We came across some interesting things last week through various discussions with different councils. In a Neighbourhood Futures meeting last week Bristol City Council gave an impressive presentation. They have been doing e-petitions for a while now, as well as using social media like YouTube to communicate with local people. They have also tried to crowd source ideas for changes to the city centre – by putting up early designs and asking people to comment. They have a few local forums, supported by e-democracy.org, and they webcast council meetings as well.
If you were to give me a choice out of the least successful option from above, I would have gone for the webcasting of council meetings. Oh how wrong I would have been.
Did you know that for one of Bristol’s webcasts they had over 5600 people watch live?! It was to do with a planning issue – Bristol City’s stadium decision I believe. A similar discussion about Bristol Rovers was watched by 3422 people, and a debate about climate change 3509 residents. Impressive figures and worth the £20,000 a year investment I think.
Another interesting example came from a discussion with officers from Wiltshire County Council. They have set up 18 Community Area Boards to bring decision making closer to local people. Knowing that these will only attract a minority of local people, they decided to set up a series of Nings to accompany them.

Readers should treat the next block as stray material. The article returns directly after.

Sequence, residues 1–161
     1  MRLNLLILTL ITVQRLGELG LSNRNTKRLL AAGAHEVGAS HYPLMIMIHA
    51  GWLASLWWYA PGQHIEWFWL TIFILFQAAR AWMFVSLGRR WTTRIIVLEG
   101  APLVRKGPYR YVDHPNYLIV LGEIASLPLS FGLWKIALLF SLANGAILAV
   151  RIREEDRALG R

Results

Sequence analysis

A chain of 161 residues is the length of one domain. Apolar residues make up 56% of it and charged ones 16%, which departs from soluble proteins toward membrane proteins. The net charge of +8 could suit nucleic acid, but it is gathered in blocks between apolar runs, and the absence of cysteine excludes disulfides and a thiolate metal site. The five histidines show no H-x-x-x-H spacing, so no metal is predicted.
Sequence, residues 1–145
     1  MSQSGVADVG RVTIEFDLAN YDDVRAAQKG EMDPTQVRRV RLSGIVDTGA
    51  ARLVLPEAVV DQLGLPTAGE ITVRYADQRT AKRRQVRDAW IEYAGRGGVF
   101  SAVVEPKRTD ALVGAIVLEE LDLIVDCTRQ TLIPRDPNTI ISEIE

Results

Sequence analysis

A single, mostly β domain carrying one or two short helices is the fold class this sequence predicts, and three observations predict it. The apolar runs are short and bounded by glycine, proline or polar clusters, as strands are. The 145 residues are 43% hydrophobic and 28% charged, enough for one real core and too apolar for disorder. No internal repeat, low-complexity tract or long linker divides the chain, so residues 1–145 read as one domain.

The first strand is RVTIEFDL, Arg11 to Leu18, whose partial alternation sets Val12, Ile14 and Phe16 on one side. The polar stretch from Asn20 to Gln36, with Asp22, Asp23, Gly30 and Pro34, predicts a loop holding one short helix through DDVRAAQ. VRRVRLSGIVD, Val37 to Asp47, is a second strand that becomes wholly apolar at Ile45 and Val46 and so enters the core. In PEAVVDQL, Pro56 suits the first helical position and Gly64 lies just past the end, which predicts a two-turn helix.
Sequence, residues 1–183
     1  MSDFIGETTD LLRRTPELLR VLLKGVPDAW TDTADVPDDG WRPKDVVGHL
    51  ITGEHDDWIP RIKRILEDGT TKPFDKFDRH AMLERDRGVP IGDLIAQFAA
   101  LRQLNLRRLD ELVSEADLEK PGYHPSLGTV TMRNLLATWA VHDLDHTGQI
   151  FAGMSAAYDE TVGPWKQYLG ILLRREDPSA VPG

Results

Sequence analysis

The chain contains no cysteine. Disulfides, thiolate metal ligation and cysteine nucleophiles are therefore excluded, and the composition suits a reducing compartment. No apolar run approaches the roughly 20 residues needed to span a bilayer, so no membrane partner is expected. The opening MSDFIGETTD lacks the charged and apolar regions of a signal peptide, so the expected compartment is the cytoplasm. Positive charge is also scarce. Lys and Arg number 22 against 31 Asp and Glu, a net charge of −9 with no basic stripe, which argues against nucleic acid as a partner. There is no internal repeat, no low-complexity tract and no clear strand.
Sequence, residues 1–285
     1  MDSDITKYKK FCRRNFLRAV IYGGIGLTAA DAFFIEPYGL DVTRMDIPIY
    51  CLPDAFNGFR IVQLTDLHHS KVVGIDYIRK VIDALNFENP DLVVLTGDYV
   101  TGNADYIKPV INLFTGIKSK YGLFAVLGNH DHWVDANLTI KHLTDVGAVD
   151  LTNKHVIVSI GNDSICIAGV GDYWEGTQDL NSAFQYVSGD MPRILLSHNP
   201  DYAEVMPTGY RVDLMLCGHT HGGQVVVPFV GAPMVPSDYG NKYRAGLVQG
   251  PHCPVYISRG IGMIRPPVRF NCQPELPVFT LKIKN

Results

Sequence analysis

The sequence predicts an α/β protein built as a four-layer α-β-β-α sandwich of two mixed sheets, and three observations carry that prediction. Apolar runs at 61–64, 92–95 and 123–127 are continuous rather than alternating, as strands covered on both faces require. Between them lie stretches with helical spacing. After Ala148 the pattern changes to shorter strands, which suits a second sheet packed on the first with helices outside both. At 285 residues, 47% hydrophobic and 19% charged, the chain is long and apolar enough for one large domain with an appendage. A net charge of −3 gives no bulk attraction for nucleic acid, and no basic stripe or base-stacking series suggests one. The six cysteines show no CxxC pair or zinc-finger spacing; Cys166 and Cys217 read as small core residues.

This is one of the first examples of this I have heard of in local government and something we want to explore in Local 2.0: an online forum explicitly weaved into a local governance structure. They have already had 10,000 residents provide email addresses and indicate they would like to sign up.
The council is currently taking a breath and properly considering how the Nings will interact with local boards. We’ll update as we find out more. In the meantime, here is an example of one of the Nings
Also – Media Trust’s Community Voices now open for applications more here.